Jamztoma's Blog License

Thursday, June 21, 2012

JAMZ TALKS: Gauguin: French Polynesia's Most Famous Artist

Poster for the Gauguin: Maker of Myth exhibit that
 I went to in May 29, 2011 here in Washington, DC
at the National Gallery of Art.  (photo:  JAMZTOMA)

Eugène Henri Paul Gauguin is French Polynesia's most famous artist as he is posthumously well-known for his paintings, wood engravings and the use of woodcuts in the form of art.  He was born in Paris, France in June 7, 1848 and traversed to French Polynesia in 1891 to leave the artificiality and conventionalism of European civilization.  Gauguin opened the way for Primitivism, an art movement that is inspired by non-Western and ancient peoples' cultures  such as Gauguin's using of Tahitian everyday life for his artworks.  The photo above was taken at an event that was held in 2011 at the National Gallery of Art museum here in Washington, DC called, "Gauguin:  Maker of Myth."  The pictured painting is titled "Contes Barbares" and is very famous in the art world.  

Gauguin's famous POLYNESIAN-based works besides "Contes Barbares," are "The Moon and the Earth" (Hina Tefatou), "Maternity", "The Sorcerer of Hiva Oa,"  and "Two Tahitian Women" just to name a few.  I was warned by the security guards present that day (the Maker of Myth art exhibition of 2011) not to take photos of these valuable paintings as a previous incident involving a woman trying to destroy "Two Tahitian Women" occurred earlier in April of the same year.  I was fortunate to have taken the above photo which was at the entrance to the National Gallery of Art museum's East building.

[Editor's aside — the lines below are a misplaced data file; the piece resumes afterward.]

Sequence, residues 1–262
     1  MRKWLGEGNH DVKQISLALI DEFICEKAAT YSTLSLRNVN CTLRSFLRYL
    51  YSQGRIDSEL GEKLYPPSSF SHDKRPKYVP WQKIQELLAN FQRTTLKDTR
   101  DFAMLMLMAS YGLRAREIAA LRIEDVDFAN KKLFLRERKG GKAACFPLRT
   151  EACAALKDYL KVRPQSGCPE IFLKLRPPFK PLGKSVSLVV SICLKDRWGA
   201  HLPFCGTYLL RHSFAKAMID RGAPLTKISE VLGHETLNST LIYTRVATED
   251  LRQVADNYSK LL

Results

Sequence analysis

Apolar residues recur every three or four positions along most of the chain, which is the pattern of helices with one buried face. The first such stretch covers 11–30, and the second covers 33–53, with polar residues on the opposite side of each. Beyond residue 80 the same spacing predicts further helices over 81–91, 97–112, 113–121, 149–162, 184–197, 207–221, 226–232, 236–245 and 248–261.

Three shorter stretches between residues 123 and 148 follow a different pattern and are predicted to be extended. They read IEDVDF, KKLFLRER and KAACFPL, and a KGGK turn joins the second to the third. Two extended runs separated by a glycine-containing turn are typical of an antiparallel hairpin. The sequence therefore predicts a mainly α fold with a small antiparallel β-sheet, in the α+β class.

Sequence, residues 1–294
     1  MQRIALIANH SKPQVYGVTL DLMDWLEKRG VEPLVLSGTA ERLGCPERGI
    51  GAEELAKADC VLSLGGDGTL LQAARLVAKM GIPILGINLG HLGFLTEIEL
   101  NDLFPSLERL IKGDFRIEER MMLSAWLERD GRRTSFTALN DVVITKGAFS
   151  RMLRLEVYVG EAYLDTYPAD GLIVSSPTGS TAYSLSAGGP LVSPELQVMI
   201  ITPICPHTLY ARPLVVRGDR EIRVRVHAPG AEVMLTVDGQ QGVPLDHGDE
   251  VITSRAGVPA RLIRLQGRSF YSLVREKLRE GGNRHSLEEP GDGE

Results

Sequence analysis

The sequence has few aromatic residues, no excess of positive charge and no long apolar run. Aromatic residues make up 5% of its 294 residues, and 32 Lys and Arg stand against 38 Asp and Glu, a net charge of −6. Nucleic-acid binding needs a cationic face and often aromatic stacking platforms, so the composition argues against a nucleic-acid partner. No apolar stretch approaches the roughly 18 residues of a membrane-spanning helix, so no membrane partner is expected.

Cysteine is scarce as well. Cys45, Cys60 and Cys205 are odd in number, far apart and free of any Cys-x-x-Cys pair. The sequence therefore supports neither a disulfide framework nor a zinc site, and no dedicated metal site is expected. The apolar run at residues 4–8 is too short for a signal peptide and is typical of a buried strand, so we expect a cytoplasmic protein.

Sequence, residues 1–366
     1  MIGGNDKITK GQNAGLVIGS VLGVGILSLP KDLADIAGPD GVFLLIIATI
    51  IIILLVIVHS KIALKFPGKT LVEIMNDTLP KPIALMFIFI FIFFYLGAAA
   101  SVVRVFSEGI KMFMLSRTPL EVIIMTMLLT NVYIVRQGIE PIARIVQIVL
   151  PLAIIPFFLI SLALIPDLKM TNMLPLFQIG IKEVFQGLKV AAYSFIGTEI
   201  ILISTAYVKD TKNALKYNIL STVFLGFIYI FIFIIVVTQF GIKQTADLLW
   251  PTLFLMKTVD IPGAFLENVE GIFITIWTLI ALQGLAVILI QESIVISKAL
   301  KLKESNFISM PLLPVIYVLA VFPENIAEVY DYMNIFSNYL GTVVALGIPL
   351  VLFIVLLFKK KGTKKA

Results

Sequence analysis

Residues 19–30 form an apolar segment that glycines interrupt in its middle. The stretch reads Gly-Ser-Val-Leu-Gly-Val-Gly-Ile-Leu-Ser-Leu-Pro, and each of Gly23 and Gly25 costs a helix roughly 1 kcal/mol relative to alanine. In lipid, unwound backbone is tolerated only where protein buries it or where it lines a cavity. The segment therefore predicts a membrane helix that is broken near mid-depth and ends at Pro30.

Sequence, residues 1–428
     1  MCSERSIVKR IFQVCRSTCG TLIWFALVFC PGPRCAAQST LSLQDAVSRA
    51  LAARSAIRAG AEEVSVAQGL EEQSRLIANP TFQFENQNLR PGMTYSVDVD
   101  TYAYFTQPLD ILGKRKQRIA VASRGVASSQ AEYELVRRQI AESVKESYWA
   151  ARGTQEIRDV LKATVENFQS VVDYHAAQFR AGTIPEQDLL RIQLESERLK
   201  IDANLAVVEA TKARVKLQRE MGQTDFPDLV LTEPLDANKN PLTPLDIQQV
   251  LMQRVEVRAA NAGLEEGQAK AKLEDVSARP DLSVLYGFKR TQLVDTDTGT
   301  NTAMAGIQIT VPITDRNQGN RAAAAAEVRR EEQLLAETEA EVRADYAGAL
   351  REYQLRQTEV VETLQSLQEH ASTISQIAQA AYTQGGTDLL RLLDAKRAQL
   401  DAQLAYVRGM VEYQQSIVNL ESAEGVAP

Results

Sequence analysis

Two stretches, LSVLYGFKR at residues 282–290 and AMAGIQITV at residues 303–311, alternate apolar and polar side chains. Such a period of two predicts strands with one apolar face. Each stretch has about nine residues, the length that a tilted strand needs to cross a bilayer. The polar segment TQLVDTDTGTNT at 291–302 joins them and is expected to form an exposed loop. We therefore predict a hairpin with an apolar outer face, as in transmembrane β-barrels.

Gauguin died in May 8, 1903 and is buried at Calvary Cemetery in Atuona, Hiva 'Oa, Marquesas Islands, French Polynesia.  His legacy includes inspiring fellow virtuoso Pablo Picasso's primitive art paintings   in 1906.  

So what do you think my friends?  Is Gauguin an interesting person?  Would you want to try his example by being an artist who incorporates your culture's everyday life into your art works?  I think I am following him as well by writing poetry and creating MS Paint works that are based on my Polynesian heritage.  To end this post, I must say that he inspires me to become an exciting artist in that he has also traveled the world to capture the beauty of other cultures (including the Caribbean and South America).   To all my young budding artists of the South Pacific and elsewhere, explore your world, be creative, and open your mind to all of humanity.  Don't be limited to just one view, express yourself!!!  Then and there, you will become a much celebrated artist for your openness and artistic nature. 



No comments:

Post a Comment